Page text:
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Chuck Berry

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Charles Edward Anderson "Chuck" Berry (born October 18, 1926 in St. Louis, Missouri) is an influential American guitarist, singer and songwriter.

Chuck Berry is an influential figure and one of the pioneers of rock and roll music. According to the Rock and Roll Hall of Fame's website, "While no individual can be said to have invented rock and roll, Chuck Berry comes the closest of any single figure to being the one who put all the essential pieces together." Cub Koda wrote, "Of all the early breakthrough rock & roll artists, none is more important to the development of the music than Chuck Berry. He is its greatest songwriter, the main shaper of its instrumental voice, one of its greatest guitarists, and one of its greatest performers."John Lennon was more succinct: "If you tried to give rock and roll another name, you might call it 'Chuck Berry'."

Berry was among the first musicians to be inducted into the Rock and Roll Hall of Fame on its opening in 1986.

At the end of June 1956, his song "Roll Over Beethoven" reached #29 on the Billboard Top 100 chart. In the autumn of 1957 Berry joined the Everly Brothers, Buddy Holly, and other rising stars of the new rock and roll to tour the United States. The hits continued from 1957 to 1959, with Berry scoring over a dozen chart singles during this period, including the top 10 U.S. hits "School Days," "Rock and Roll Music," "Sweet Little Sixteen," and "Johnny B. Goode." Author/producer Robert Palmer wrote that Berry’s songs tended to feature country and western inflected light blues melodies, along with plenty of guitar twang. He also had a taste for the "Spanish tinge", as in "La Juanda" and "Havana Moon".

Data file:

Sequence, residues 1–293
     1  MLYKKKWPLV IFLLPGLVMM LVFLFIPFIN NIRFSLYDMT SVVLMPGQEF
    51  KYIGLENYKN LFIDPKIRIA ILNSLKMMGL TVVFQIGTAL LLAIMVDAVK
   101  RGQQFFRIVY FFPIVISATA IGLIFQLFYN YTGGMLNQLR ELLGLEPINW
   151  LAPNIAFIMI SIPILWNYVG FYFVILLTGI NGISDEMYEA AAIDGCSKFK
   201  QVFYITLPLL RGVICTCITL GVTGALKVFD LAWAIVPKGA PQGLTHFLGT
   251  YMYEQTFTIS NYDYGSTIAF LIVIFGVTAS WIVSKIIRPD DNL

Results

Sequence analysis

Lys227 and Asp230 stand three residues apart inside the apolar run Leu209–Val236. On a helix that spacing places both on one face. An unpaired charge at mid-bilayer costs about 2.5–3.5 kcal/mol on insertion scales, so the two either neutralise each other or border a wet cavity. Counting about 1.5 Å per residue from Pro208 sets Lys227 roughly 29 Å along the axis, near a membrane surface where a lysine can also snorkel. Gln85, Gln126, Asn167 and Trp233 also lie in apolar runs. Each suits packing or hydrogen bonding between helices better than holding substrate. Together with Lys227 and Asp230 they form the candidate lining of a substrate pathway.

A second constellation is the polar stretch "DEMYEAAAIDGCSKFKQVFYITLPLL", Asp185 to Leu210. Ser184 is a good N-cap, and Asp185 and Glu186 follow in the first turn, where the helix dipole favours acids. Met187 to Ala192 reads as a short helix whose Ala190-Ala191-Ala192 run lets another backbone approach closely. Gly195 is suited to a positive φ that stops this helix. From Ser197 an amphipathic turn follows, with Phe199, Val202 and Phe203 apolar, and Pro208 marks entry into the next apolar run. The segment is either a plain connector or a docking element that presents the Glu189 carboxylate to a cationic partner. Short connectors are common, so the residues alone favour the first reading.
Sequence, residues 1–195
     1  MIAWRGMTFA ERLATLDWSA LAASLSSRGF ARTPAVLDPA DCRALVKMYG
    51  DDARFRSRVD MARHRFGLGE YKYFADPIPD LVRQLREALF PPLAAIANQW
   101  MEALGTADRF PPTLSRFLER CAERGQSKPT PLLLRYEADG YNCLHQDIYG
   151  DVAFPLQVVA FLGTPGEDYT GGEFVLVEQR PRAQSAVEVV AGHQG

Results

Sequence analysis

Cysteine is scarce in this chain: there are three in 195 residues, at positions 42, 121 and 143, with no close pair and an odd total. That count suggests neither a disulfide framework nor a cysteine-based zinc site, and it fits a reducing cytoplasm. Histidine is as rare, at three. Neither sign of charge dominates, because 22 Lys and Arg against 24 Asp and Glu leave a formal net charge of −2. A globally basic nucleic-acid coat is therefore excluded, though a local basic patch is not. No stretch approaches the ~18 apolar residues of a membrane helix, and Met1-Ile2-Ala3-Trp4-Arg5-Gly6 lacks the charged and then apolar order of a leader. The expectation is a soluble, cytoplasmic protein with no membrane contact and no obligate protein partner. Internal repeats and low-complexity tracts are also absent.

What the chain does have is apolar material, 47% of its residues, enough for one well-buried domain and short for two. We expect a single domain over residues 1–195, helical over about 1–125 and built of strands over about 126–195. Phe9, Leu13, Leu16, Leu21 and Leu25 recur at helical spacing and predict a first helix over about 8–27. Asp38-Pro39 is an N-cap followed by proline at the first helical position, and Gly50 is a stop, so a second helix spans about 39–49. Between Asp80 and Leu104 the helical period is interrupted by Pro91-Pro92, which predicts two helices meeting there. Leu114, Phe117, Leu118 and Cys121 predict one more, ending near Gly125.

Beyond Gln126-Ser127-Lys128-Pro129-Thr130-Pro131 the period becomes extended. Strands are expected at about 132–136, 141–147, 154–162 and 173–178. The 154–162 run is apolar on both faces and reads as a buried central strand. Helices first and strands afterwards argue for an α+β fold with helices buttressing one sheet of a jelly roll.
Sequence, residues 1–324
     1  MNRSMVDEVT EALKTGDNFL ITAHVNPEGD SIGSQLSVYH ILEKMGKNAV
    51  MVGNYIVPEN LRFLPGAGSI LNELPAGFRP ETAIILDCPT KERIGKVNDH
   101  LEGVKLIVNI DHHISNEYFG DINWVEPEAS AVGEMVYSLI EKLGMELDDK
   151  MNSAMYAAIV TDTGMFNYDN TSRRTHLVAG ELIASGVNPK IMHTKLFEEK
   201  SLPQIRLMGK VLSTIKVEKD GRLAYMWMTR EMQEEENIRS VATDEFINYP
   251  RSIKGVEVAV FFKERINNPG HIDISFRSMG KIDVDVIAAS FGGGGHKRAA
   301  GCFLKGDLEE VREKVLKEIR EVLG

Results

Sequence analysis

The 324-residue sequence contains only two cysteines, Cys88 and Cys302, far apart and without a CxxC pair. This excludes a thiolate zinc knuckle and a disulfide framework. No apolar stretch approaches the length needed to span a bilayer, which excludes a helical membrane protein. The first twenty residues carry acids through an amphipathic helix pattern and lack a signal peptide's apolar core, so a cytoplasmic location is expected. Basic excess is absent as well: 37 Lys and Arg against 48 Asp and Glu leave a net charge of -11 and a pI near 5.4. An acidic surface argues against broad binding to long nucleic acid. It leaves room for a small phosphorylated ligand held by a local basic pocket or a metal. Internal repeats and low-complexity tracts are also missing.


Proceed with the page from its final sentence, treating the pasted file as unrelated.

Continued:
A pioneer of rock and roll, Chuck Berry was a significant influence on the development of early rock and roll guitar techniques and a major catalyst in the rhythm and blues to rock and roll transition. He was the first to define the classic subjects of rock and roll in his songwriting; cars, girls and school. His guitar style is legendary and many later guitar musicians acknowledge him as a major influence in their own style. When Keith Richards inducted Berry into the Hall of Fame he said, "It's hard for me to induct Chuck Berry, because I lifted every lick he ever played!"

Berry was also a large influence on such second generation rockers as The Who and Bob Dylan. The Beach Boys' hit "Surfin' USA" resembled Berry's "Sweet Little Sixteen" so closely that they were forced to give Berry a co-writing credit in order to avoid a lawsuit. In the 1980s, George Thorogood created a reasonable career out of what was essentially a Chuck Berry tribute show. Covering a number of Chuck Berry songs and appropriating the duckwalk, Thorogood toured relentlessly as a high-energy, rock and roll revival act.

Edited by Guest

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He really is the "CORNER STONE OF ROCK".

His style and his sound revolutionized music like no one else I've ever known of. I don't know why Elvis is referred to as the King, I honestly think it is/was/is a racial thing. My Gawd! Just give the man a listen for cripe sake!